sunshine hours

January 17, 2013

Sunshine Way Up in USA From 1996 to 2011

Filed under: Sunshine,surface solar radiation — sunshinehours1 @ 6:55 AM
Tags:

“A paper published today in the Journal of Geophysical Research – Atmospheres finds that due to a decrease in cloud cover, solar radiation has significantly increased over the US from 1996 to 2011. The authors note the change in longwave (infrared) surface radiation “dwarfs the [alleged contribution] from the increase of CO2 during the analysis period.” According to the paper, the natural variability due to changes in sunshine has had 4.4 times greater effect on surface radiation than increased greenhouse gases since 1996″

Read the rest at The Hockey Schtick.

 

As I’ve said numerous times, clean air legislation has cleaned the air, meaning less sunshine is reflected back into space, and more sunshine reaches the ground and causes warming.

 

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3 Comments »

  1. These sunshine hour and surface radiation papers are extremely important, as they provide an estimate of climate sensitivity over time periods of more than a decade. Data from NREL allows calculating climate sensitivity over a 6 month period by comparing winter vs summer TSI and temperatures. This gives 0.085 C/W/m^2 for the U.S.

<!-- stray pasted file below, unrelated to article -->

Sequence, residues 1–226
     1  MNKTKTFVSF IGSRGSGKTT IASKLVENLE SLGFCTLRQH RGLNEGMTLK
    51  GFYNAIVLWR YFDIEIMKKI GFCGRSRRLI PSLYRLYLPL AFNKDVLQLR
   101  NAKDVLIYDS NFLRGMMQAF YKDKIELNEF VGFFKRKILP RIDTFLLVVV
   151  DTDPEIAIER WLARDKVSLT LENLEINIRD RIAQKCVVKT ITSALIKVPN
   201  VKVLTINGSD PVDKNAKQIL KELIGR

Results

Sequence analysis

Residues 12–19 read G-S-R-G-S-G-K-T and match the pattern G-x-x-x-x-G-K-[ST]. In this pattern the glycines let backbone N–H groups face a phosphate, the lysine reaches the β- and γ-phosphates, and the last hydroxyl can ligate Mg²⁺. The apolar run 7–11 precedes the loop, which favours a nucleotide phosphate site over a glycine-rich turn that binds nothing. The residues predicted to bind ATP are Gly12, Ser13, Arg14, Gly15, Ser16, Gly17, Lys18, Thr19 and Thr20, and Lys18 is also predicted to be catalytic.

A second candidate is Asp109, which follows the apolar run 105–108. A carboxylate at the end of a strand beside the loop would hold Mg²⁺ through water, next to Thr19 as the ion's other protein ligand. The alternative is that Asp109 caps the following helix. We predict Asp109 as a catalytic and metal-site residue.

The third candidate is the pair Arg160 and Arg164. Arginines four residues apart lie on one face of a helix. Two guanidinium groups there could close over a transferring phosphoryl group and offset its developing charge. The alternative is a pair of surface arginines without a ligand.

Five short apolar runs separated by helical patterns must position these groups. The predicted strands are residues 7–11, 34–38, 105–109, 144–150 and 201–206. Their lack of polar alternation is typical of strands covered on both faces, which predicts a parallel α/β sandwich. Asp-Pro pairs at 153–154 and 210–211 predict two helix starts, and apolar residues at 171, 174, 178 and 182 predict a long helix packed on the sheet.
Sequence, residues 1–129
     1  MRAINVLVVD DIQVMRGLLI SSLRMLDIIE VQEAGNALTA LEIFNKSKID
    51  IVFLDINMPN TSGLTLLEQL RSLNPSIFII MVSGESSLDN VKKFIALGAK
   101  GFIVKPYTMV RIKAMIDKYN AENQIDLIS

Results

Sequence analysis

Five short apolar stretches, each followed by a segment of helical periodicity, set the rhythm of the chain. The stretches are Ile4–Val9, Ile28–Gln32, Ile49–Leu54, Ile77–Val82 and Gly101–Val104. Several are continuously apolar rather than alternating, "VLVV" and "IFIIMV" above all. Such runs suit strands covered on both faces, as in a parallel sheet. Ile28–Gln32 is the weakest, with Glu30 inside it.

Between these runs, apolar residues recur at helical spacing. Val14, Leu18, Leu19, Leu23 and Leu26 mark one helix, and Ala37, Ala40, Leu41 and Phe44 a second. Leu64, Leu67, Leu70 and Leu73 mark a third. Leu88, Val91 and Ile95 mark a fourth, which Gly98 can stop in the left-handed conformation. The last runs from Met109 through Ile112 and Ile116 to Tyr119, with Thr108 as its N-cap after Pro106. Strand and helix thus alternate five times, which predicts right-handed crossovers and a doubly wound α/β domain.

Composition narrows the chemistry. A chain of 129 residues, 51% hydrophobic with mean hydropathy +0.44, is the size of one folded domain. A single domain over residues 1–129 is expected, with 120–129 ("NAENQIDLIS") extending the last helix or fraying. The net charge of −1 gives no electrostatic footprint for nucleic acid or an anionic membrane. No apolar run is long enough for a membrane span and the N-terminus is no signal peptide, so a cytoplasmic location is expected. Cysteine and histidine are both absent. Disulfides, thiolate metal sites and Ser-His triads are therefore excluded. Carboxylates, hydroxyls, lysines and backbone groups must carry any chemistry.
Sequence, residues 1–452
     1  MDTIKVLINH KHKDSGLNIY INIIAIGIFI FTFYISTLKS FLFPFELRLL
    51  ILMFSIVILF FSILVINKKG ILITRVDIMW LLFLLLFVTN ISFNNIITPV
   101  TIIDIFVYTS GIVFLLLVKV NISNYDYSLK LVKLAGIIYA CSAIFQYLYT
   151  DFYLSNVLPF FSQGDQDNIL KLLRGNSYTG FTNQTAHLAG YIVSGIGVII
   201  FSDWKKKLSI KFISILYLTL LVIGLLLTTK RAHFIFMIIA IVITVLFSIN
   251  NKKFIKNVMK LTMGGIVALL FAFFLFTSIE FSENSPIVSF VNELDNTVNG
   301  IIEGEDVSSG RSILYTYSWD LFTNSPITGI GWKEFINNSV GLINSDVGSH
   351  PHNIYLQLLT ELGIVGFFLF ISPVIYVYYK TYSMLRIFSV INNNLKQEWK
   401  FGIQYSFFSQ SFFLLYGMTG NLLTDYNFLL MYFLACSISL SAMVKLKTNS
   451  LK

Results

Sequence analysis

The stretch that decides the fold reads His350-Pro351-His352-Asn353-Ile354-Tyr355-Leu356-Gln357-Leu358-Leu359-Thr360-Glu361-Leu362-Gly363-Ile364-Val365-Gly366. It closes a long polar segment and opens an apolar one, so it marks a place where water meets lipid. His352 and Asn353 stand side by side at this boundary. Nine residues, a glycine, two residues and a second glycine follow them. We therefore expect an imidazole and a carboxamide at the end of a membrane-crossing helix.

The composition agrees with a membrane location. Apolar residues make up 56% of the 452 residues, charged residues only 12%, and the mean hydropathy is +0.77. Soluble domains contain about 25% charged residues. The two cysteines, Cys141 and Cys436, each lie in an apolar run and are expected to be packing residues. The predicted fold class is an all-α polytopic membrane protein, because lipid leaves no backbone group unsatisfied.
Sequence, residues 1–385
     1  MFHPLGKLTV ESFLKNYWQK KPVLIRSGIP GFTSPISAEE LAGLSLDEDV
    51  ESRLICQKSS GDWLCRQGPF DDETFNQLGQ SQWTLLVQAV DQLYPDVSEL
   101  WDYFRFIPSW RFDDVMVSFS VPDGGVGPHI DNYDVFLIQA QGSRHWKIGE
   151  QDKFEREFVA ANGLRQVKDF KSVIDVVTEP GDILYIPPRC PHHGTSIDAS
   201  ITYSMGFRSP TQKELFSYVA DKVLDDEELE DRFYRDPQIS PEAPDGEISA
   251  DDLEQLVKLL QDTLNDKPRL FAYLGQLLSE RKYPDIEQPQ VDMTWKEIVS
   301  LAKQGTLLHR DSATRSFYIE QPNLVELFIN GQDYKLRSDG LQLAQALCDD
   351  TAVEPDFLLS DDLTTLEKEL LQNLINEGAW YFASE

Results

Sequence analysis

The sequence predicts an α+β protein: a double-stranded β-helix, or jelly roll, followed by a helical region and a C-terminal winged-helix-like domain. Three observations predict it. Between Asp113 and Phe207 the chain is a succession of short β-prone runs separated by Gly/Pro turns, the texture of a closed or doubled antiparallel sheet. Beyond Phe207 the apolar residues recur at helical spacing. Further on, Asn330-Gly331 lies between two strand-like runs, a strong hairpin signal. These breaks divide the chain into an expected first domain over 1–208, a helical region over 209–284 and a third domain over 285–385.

So, we have a 0.085 C/W/m^2 over 0.5 years. The above paper gives 0.0 C/W/m^2 over 15 years for U.S.
    For Spain, from a previous posting, we have 0.07 C/W/m^2 over 25 years.
    Globally, from another previous post, we have 0.05 C/W/m^2 over 20 years.

    This is pretty conclusively showing a climate sensitivity to doubled CO2 (3.7 W/m^2) of <0.4 C, over climate-relevant time periods.

    Comment by chris y — January 17, 2013 @ 8:37 AM | Reply

  2. “0.0 C/W/m^2 over 15 years for U.S”

    Didn’t you mean 12.3W/m^2?

    Comment by sunshinehours1 — January 17, 2013 @ 9:05 AM | Reply

  3. The paper claims there was no temperature change over the time period of the forcing. I also checked USHCN and found the same thing. So, the temperature change was 0.0 C in response to a forcing increase of 12.3 W/m^2. Therefore, the sensitivity is 0.0 C per W/m^2.

    Comment by chris y — January 17, 2013 @ 11:29 AM | Reply


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